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Thor has been an alien space horse and a frog – is a woman really more fantastical than that?

Marvel have announced that the new Thor will be a woman. Cue outraged cries of “PC gone mad” and “publicity stunt” from a particularly vocal segment of the fandom.

Image: Marvel

Welcome to superhero world, where the most vocal fans are constantly outraged about the same things happening over and over again. Yesterday The View, an American daytime talk show, announced that that an upcoming Marvel comic will star Thor, as a woman.

“It’s a huge day in the Marvel Universe,” announced Whoopi Goldberg. “Thor, the God of Thunder, he messed up. He is no longer worthy to hold that damn hammer of his. And for the first time in history that hammer is being held by a woman.”

Which isn’t entirely true – back in the ‘70s a “What If?” comic showed Jane Foster as the earthly version of Thor, in all her feminine glory as Thordis. And Wonder Woman is among the large crowd of people who have previously wielded Mjolnir. But as writer Jason Aaron emphasised about October’s Thor #1, “This is not She-Thor. This is not Lady Thor. This is not Thorita. This is THOR. This is the THOR of the Marvel Universe. But it’s unlike any Thor we’ve ever seen before.”

The reaction to the news was immediate, the story spreading like wildfire across not only comic news sites but with the mainstream press pouncing as well. It isn’t everyday that a new comic is revealed on daytime television, not least for a superhero character that just two movies ago was mostly unknown by the general population.

Character switcheroos are common in superhero comics, with Spider-Man recently putting Doc Ock behind the face of Peter Parker, Loki becoming a child before reverting back to adulthood, and Batman’s cowl being worn by, well, just about all of Gotham. A character switch is not exactly news then, so why the kerfuffle?

Here we have the character of Thor being changed not to a different male character, but to an unknown female character. And thus, much like when Miles Morales, a black Hispanic teen, became Ultimate Spider-Man, or when Alan Scott was reimagined as a Green Lantern who happened to be gay, there are cries of “PC gone mad” and “publicity stunt” aplenty from a vocal segment of fandom.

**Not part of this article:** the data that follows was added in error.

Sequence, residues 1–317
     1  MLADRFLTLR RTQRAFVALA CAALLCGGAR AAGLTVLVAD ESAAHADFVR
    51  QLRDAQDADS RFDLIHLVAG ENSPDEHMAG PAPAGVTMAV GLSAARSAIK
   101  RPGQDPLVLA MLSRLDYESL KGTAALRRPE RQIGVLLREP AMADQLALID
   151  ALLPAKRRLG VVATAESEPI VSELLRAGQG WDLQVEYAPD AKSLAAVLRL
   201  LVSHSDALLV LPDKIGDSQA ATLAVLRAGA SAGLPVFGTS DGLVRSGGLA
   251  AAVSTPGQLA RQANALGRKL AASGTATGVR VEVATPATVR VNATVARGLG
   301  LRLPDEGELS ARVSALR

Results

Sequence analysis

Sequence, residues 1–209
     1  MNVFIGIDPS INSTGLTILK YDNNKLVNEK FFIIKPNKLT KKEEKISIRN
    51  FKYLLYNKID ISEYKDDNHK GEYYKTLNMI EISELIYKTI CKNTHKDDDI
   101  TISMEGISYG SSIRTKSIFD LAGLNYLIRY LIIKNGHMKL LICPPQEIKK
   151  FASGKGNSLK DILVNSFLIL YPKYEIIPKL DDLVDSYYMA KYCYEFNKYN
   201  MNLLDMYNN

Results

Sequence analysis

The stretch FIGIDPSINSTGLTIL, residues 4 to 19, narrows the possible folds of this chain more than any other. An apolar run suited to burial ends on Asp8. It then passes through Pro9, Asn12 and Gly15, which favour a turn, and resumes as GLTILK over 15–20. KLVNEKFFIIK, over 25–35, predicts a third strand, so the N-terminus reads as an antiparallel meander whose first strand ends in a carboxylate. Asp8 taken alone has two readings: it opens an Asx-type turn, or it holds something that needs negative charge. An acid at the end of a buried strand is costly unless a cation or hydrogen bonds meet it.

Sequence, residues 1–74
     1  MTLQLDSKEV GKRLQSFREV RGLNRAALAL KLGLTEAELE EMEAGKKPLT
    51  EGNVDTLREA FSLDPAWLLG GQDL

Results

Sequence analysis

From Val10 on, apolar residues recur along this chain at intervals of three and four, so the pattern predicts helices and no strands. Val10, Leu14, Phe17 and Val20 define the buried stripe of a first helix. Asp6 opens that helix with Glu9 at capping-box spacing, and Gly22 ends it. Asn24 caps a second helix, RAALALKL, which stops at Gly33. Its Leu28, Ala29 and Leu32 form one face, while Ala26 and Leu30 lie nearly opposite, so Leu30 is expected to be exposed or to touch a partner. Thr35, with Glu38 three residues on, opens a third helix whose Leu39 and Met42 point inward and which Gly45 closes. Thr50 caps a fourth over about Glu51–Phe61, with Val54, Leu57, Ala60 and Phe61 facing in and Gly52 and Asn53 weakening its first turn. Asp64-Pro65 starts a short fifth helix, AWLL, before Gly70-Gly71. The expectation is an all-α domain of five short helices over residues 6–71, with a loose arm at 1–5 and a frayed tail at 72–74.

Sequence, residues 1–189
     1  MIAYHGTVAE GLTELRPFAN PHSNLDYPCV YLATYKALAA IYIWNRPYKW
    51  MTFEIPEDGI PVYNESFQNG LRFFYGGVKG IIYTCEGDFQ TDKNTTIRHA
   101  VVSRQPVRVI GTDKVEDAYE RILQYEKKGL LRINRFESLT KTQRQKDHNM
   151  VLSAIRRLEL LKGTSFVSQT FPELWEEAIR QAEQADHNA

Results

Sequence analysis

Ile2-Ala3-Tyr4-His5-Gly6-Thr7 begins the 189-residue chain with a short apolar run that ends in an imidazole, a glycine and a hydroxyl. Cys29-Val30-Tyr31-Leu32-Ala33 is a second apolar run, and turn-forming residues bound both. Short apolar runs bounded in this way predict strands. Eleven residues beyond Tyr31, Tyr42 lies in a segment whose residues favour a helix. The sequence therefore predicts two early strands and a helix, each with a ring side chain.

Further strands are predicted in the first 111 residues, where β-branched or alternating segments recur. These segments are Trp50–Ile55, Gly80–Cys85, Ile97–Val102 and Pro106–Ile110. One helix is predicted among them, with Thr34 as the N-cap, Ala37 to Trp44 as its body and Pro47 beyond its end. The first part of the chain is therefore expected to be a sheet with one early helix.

Superhero comics are ultimately tied to a never-ending cycle: no matter what changes are made by writers, those changes almost never stick as characters are reset to their original status as heroes, villains, or background scenery. Creators can have great fun playing in the superhero sandbox but when it’s time to move on, all the toys have to be put back where they were found, all in time for the latest round of merchandise or cinematic releases.

And yet it’s what happens in those changes that drives people to keep reading their otherwise nostalgic titles – the ingenuity that can be found by each new generation of writers and artists is the spark that results in the genre still producing genuinely great works.

Only lately, and in increasing numbers, those changes are different than before. The cinema, the comic cons, the comic shops, and the fan communities are filled with women who are asking for titles more than ever before. With everyone asking for more titles. People who aren’t just white, straight, and male. Just like the real world!

And all those people have money. An expanding audience who pick up the comic trade collections and turn out in cosplay of their favourite characters. Just days after a new, funkier Batgirl was announced the fans were sharing their new drawings with excitement and hope. Just one day after the new Thor was announced, Tumblr and Twitter and Facebook are full of excited fans (and creators!) looking forward to the new title and wondering what the story will be.

After all, in the 1980s Thor was replaced by an alien space horse and temporarily turned into Frog Thor. Can a woman really be more fantastical than that? Thor’s brother, Loki, has indeed been his sister many times now so whether Thor is hit by some gender-bending persona-splitting lightning, or is banished (again) from Asgard, or goes into witness protection, the Asgardians themselves will be terribly unsurprised.